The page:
Health and Family Services Cabinet Secretary Vickie Yates Brown Glisson, Department of Agriculture Commissioner Ryan Quarles, and representatives from the Kentucky Department for Public Health (DPH) and University of Kentucky gathered at the Kentucky State University Research Farm today for a Zika prevention event. Launching its “Fight the Bite Day and Night” campaign, participants discussed the state’s plans to respond to Zika in Kentucky and emphasized measures to prevent mosquito bites and control the mosquito population locally.
Three stations focused on various topics related to Zika prevention. Guests were led through each display area where subject matter experts provided information on Kentucky’s mosquito population; public mosquito control efforts; addressing standing water issues and removing mosquito breeding grounds around the home; and personal protective measures like insect repellent and appropriate clothing. The event also introduced “Marty Mosquito,” public health’s mascot for Zika prevention and awareness.
“Whenever an infectious disease is identified as a global health threat, people start to feel a great deal of concern and fear what could happen. They wonder if they are at risk; how to protect themselves and their loved ones from getting sick; and they wonder if the healthcare system and public health leaders are prepared to handle an outbreak close to home,” said Sec. Glisson, who provided an overview of what the state is doing to prepare for a possible Zika outbreak in Kentucky. “This is crucial in helping people understand the issue and to better direct the public’s sense of comfort and personal protection and prevention efforts.”
Zika has been identified by the World Health Organization as an international public health threat. There are no known cases of Zika transmission occurring in the state of Kentucky – or any part of the United States – at this time. Zika virus is not known to be circulating in the mosquito population in Kentucky at this time. However, DPH and the Department of Agriculture are working together to respond to mosquito control issues if the virus enters the state’s mosquito population as well as emphasize the importance of localized and individual prevention.
“We need every Kentuckian to be a part of this effort,” Commissioner Quarles said at the news conference. “Citizens can help by eliminating areas of standing water that could serve as breeding grounds for mosquitoes – puddles, old tires, buckets, and any household items that potentially could fill with water if left outside. With your help, we can help minimize the spread of the Zika virus across the Commonwealth.”
To date, 6 confirmed cases of Zika virus have been reported in Kentuckians who contracted the illness while traveling to other countries.
There is no vaccine to prevent infection and no specific antiviral treatment for Zika. The most common symptoms of Zika are fever, rash, joint pain or red/burning eyes. Recent evidence reveals that Zika can cause microcephaly and other fetal birth defects in infants born to women who are infected during pregnancy. Microcephaly is a condition where a baby’s head is smaller than normal. Microcephaly can be found alone or in conjunction with other birth defects.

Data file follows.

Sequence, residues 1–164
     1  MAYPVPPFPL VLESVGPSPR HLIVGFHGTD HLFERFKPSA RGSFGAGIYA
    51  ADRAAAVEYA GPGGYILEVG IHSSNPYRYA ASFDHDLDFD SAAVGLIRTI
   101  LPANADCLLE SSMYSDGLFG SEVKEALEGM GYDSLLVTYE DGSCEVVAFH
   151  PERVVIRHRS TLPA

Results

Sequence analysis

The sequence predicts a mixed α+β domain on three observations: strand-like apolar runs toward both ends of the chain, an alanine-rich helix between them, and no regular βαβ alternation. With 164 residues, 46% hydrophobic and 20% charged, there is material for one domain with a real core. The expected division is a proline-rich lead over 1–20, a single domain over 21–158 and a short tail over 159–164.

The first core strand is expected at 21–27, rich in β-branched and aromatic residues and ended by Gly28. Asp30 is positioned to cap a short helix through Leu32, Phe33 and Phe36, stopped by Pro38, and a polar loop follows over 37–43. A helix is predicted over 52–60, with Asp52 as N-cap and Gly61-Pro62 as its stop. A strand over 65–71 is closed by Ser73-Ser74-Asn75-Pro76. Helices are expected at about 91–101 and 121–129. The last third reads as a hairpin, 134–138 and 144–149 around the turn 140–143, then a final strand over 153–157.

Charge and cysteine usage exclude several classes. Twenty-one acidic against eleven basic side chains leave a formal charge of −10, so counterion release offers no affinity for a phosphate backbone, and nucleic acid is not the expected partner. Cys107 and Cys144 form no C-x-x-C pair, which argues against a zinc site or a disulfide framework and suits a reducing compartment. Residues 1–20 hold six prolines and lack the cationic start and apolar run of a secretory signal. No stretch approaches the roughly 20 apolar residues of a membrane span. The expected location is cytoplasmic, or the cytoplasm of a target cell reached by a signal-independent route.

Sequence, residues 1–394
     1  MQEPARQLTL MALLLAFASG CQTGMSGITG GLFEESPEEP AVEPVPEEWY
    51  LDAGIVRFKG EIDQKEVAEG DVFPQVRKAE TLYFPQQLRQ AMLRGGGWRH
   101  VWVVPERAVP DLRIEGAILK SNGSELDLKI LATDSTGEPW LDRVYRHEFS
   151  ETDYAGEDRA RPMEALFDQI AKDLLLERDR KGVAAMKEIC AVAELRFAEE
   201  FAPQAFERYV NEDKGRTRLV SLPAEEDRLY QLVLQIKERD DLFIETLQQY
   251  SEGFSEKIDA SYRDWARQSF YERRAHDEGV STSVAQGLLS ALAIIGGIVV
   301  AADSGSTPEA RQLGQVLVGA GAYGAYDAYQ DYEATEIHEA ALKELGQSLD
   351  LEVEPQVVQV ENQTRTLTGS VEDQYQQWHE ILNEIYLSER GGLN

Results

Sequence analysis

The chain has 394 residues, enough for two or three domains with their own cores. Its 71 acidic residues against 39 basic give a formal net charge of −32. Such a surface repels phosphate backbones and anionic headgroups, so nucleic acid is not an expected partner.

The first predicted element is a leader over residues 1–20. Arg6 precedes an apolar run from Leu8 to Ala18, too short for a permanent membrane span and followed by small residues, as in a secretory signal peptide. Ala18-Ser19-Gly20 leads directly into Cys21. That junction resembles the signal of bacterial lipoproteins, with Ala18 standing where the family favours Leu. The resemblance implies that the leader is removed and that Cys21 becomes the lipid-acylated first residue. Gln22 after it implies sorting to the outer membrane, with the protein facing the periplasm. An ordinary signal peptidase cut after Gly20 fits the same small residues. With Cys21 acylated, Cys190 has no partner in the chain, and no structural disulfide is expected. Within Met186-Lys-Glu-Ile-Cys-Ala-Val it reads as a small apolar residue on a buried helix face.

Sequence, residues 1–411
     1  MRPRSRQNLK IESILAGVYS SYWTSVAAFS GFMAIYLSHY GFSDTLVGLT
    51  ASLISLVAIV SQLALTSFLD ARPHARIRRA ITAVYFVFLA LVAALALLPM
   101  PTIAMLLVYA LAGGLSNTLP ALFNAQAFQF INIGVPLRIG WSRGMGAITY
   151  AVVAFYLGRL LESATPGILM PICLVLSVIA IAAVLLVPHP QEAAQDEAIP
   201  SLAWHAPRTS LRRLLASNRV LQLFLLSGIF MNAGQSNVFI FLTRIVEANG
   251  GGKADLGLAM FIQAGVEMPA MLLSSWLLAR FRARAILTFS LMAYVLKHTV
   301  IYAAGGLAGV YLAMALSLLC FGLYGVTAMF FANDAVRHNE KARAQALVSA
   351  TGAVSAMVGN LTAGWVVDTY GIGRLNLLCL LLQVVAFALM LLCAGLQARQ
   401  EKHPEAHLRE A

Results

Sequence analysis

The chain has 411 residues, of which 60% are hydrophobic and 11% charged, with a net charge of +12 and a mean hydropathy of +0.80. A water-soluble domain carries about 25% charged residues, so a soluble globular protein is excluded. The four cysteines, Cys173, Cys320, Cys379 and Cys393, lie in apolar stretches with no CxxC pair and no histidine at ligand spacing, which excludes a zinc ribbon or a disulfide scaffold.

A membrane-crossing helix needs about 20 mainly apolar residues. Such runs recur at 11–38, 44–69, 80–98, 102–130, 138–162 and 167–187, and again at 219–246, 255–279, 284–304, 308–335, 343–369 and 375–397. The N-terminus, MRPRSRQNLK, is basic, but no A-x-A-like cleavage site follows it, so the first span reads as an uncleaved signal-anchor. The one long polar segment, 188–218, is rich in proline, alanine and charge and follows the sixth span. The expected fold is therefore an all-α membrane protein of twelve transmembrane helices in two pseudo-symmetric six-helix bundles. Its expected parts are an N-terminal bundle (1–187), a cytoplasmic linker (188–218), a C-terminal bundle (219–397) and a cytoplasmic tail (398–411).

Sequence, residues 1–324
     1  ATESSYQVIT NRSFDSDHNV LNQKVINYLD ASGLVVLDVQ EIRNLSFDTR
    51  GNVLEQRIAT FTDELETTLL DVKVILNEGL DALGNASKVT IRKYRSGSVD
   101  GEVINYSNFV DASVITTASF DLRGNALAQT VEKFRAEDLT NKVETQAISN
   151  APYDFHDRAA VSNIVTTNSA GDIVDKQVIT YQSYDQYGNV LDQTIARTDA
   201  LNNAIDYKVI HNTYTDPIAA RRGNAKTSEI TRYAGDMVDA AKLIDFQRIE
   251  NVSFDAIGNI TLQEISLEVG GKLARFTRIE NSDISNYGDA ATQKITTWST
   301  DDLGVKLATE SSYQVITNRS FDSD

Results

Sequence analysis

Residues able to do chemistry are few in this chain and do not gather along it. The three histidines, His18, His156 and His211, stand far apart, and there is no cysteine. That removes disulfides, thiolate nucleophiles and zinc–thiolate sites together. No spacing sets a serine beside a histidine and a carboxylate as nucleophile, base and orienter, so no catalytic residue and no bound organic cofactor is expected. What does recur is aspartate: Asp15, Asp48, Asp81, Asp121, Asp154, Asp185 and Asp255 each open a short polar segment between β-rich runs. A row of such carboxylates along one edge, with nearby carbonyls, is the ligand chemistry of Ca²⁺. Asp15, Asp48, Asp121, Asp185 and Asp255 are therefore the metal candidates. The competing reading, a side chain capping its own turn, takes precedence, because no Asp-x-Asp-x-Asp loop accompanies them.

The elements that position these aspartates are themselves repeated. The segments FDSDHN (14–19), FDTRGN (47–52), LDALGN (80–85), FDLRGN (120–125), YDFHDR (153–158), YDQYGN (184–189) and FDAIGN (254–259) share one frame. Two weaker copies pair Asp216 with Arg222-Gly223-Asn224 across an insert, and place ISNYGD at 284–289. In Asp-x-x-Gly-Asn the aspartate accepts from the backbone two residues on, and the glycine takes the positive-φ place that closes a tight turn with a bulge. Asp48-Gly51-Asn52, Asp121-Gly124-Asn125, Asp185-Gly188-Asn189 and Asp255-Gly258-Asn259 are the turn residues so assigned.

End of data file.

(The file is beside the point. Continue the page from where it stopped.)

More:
“Zika virus is spread primarily through the bite of an infected mosquito and is circulating in many areas of the world where Kentuckians travel for vacation, work and mission trips. Though many people affected by Zika only experience mild or no symptoms, the virus poses serious risk for infants exposed before birth due to maternal infection,” said Dr. Ardis Hoven, infectious disease specialist for the Kentucky Department for Public Health. “We have been stressing the importance of taking preventive measures, like using repellent and wearing appropriate clothing, and wanted to have this event to demonstrate what we have been saying about prevention.”
International travelers to at-risk countries who develop fever, joint pain, rash, or eye burning/redness during or after travel should consult with their medical provider.
DPH and CDC continue to advise travelers to take measures to protect themselves and their family members from mosquito bites during travel and for three weeks after departure from an area with active Zika transmission, such as areas in South and Central America and the Caribbean. More information about Zika can be obtained from the DPH Health Alerts website at http://healthalerts.ky.gov/Pages/Zika.aspx.
•Women who are pregnant should not travel to areas with Zika. Pregnant women who must travel to one of these areas for business or family emergencies should talk to their doctor or other healthcare professional first and strictly follow steps to avoid mosquito bites.
•Women trying to become pregnant should consult with their healthcare professional before traveling to these areas and strictly follow steps to avoid mosquito bites during the trip.
•Pregnant women should avoid sexual contact with any man who has recently returned from areas with Zika transmission or consistently and correctly use condoms with each sexual encounter for the duration of the pregnancy.
•Men who develop symptoms during or after travel to Zika-affected areas should wear condoms for six months or consider abstaining from sexual activity.
•Men who travel to a Zika-affected area and do not develop any symptoms within two weeks of travel should wear condoms for 8 weeks after departure from Zika-affected area. The duration of Zika virus being present in semen after infection is not presently known.
Additional facts and information specifically related to Zika virus can be found online at http://www.cdc.gov/zika/index.html.